“What goes around comes around,” Manchin added.
Significantly, Biden has already won the capstone of his first months’ agenda — the $1.9 trillion COVID-19 relief package, signed into law in March. In coming months, he stands a strong chance of achieving a second major triumph on his proposed $2.3 trillion infrastructure plan, which the White House says would create millions of jobs.
“The biggest pieces of Biden’s agenda, that he’s put the most political capital behind, already became law” or have a strong chance of that, said Matt Bennett, a top official with Third Way, a centrist Democratic group.
Democrats passed the virus relief bill over unanimous Republican opposition because they used special budget rules preventing GOP filibusters. They might resort to the same procedure for the infrastructure bill to prevail if, as seems strongly possible, they can’t reach compromise with Republicans.
But use of the procedure circumventing filibusters is strictly limited by Senate rules. Since January alone, that’s stymied Democratic initiatives beloved by the party’s core liberal voters, including bills easing voting restrictions, reviving portions of the Voting Rights Act, tightening gun restrictions and helping women win salaries equal to men’s pay. The bill granting statehood to the District of Columbia also faces no chance in the Senate.
Under pressure after this week’s conviction of a former Minneapolis police officer in the murder of George Floyd, a Black man, senators are trying to negotiate a compromise for overhauling police procedures. A House-passed bill would ban chokeholds, improve police training and end immunity of many police officers from lawsuits.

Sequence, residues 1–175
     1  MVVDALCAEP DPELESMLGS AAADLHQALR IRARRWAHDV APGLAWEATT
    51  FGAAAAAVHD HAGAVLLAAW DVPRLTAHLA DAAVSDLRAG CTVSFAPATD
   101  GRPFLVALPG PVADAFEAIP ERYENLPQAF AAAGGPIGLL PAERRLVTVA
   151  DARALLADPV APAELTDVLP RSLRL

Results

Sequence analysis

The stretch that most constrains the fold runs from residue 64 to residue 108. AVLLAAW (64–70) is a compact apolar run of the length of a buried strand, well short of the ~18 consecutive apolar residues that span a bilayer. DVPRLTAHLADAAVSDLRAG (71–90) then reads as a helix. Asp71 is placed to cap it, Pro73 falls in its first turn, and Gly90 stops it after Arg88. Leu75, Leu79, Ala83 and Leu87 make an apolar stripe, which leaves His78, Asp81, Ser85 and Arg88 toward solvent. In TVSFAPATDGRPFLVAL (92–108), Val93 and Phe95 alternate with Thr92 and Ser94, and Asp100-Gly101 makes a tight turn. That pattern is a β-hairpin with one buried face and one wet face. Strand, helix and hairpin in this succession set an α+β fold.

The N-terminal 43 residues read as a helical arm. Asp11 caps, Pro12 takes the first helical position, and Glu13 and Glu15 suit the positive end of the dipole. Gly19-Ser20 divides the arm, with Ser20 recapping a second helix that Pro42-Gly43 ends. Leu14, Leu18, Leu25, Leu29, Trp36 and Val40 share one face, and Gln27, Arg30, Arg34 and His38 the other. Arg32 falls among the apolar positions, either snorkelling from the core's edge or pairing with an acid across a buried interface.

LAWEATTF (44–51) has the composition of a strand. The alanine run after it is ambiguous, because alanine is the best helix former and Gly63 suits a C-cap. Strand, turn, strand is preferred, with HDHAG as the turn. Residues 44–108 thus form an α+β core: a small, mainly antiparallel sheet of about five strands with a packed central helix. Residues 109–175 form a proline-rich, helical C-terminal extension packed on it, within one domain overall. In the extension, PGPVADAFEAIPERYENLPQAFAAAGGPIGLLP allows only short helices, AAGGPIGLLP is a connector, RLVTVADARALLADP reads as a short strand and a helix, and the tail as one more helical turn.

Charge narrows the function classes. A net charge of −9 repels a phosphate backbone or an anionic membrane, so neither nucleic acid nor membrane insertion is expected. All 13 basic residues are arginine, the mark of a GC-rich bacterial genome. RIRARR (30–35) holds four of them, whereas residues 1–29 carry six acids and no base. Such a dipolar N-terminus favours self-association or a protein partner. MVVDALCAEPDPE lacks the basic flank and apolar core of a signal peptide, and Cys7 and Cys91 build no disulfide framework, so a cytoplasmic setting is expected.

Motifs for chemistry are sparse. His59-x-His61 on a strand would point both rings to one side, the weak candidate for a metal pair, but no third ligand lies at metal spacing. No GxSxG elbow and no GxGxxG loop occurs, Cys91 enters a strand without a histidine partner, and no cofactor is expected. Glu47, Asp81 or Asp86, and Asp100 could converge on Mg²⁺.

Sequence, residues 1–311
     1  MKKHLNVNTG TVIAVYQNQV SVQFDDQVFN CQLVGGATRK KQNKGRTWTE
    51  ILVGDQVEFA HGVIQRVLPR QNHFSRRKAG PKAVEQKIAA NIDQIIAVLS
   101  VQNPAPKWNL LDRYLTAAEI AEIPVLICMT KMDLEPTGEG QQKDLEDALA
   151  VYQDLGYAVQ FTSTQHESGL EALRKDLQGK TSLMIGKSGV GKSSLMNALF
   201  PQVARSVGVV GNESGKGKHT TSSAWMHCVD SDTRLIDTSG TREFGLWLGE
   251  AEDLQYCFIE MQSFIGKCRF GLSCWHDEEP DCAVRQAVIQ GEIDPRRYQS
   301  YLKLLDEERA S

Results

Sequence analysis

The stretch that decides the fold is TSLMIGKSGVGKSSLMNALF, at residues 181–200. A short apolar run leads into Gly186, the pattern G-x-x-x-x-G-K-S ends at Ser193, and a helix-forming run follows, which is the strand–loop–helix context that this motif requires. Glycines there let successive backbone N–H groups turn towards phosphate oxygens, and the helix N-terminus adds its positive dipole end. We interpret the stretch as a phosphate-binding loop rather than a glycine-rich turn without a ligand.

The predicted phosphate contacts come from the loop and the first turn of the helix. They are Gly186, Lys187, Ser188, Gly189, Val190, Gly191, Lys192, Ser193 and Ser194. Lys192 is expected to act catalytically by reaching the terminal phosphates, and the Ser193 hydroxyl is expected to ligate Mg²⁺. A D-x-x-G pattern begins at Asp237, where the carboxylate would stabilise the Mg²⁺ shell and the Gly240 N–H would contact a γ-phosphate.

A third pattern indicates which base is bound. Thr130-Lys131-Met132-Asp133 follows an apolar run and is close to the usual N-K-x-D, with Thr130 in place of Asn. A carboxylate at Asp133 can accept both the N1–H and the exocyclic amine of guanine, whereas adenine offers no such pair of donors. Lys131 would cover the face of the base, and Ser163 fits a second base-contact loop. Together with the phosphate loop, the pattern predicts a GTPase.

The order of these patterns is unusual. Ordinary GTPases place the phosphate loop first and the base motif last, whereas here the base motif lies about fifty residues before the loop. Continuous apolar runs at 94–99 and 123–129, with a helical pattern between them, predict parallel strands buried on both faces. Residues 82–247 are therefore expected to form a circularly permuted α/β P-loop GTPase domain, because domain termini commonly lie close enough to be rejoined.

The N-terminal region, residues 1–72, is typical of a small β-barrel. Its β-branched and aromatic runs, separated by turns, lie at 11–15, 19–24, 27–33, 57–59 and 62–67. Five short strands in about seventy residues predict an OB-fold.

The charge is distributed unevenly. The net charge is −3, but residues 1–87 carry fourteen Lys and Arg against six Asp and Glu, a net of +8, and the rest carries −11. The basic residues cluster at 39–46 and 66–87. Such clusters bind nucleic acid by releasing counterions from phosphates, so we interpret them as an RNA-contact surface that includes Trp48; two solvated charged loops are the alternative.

The roadblocks have prompted progressives like Bush to continue pressing Democratic senators to eliminate the filibuster. Some top Democrats have repeatedly dangled the threat of doing just that. Liberals hope pressure on Senate Democrats to end the rule will build as House-passed bills stack up in the chamber.
“This chamber can work in a bipartisan fashion to get things done,” Senate Majority Leader Chuck Schumer, D-N.Y., said Thursday after it passed the bill on violence against Asian Americans and Pacific Islanders. “That doesn’t mean we forgo our principles. That doesn’t mean we cut back on the boldness that is needed. But it means we try to work with our Republican colleagues whenever we can.”
At a news conference last month, Biden advocated a return to an earlier filibuster version that forced objecting senators to speak on the Senate floor until one side or the other surrendered. He added that if a “complete lockdown” occurred, “we’ll have to go beyond what I’m talking about.”
House Speaker Nancy Pelosi, D-Calif., told reporters Thursday that “Mitch McConnell is still the problem.” She was referring to Democrats’ nemesis, the Senate minority leader from Kentucky, who exactly two years ago happily described himself as the “Grim Reaper” killing progressive bills in his chamber.
McConnell, however, isn’t to blame for all their Senate woes. Democrats currently lack 50 Senate votes for expanded gun background checks, raising the minimum wage and some other priorities, so eliminating the filibuster wouldn’t be enough.